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WordStay . for [AES Poe Expansion Harctiware Peter Norton on PCis'* Sound



Cover Photography by Dennis Kitchen

37 Now Playing: Three New Simulation Games

38 Will Fastie

Airport '84: Flights of Fancy Join the airborne

adventure as Flight Simulator takes off on its first

Junior voyage.

42 Greg Pastrick

DOS Boat: Sub Standard Performance Depth- defying submarine simulation awaits the player who dives into Gato.

44 Susan Sandler

I, the Jury: A Case of Trial and Error From the crack of the gavel to the closing comments, Jury Trial makes a case for courtroom simulation.

98 Corey Sandler

Newsbreak: PCjr Price Change IBM makes the first move in what may be a

new game plan for marketing the PCjr. Study the strategy and find out if the new price is right.


Wi As. i


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48 WinnL. Rosch

The Ties That Bind: Junior's Business Connections Desk to desk, IBM’s Cluster Program makes Junior the key to better interoffice communications.

58 Don Kennedy

The Text According to NewWord A a new word processing program picks up where WordStar left off.

66 Winn L. Rosch

Disk Drives on the Double Junior hits second gear with a disk drive add-on from Legacy.

7Q Eric Freedman

The Electronic Shopping Mall: Buying by Modem There's no need to leave home when you buy your wares over the wire with Comp-U-Store.

79 Peter Norton

Wired for Sound Sounding off on Junior's active voice with a book excerpt from Peter Norton.

6 Editors Wire/Corey Sandler

I Bombed in Indianapolis High-flying hijinx as our editor “simulates” flight in the ultimate way. Better buckle up tight as PCjr Magazine lifts off for August 1984.

13 Communications Networks/Eric Freedman Run for the Money Monitor the latest economic developments with InnerLine, a videotex service that taps into the world of high finance.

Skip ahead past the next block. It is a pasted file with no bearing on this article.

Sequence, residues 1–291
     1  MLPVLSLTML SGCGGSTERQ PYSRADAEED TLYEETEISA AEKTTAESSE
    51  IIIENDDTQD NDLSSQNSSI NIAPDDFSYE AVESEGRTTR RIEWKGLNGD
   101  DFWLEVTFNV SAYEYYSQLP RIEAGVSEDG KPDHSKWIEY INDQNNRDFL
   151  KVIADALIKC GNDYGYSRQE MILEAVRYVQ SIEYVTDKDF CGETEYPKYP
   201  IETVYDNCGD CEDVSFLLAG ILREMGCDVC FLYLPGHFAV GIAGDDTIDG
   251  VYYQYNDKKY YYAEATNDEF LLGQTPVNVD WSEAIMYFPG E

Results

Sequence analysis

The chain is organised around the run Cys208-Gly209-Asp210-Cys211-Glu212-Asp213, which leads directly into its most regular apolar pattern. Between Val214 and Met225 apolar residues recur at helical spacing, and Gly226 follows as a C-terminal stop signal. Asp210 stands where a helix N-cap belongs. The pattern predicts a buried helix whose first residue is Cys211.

19 Screen Play/Don Kennedy

Disks of Danger A ransom note pits a private eye against three new adventure games.


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25 Lindsy Van Gelder

Leary in the Sky with Diskettes Timothy Leary raises his computer consciousness.

29 Education/Martin Porter

Knowledge for Sale IBM studies the education market, searching for software that makes the grade.

33 Looking at Logo/Winn L. Rosch

The Turtle Wore Wingtips Logo joins the work force with a program that really means business. 95 Book Review/Susan Sandler

Hands-On BASIC for the PCjr: Measuring the merits of the manual.

101 Its BASIC/John M. Woram

Anatomy of a Program Complicated math isa snap when you program the structured way. 105 Q&A/Steve Rosenthal

Queries on power, printers, and future possibilities for the PCjr.

107 Reader to Reader/Paul Somerson

Jump into an animated graphics program that brings life to the ASCII characters.

L11 Junior Explorer/Peter Norton

Junior’s Sweet Sixteen Explore the circuit with the secret of Junior’s 16-color world.

91 Letters Checks and balances.

94 Coming Up

Sneak peeks at coming attractions. 96 The Product Line

Tips on the tops in Juniorware, starring WordStar for PCjr and The Electric Desk.

99 Revue of Reviews Capsule reviews from the pages of PCjr Magazine.


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Publisher John B. Babcock, Jr. Editor Corey Sandler

Managing Editor Lawrence E. Frascella Associate Editor Don Kennedy Technical Editor Tom Badgett

Staff Editor Susan Sandler Copy Editors Gloria Sturzenacker (Chief), Greg Pastrick Assistant Editor Linda Sanders Editorial Assistant Terri Hartman Editorial Secretary Randolph Johnson Contributing Editors Eric Freedman, Stephen Manes, Peter Norton, Martin Porter, Winn L. Rosch, Steve Rosenthal, Paul Somerson, Lindsy Van Gelder, John M. Woram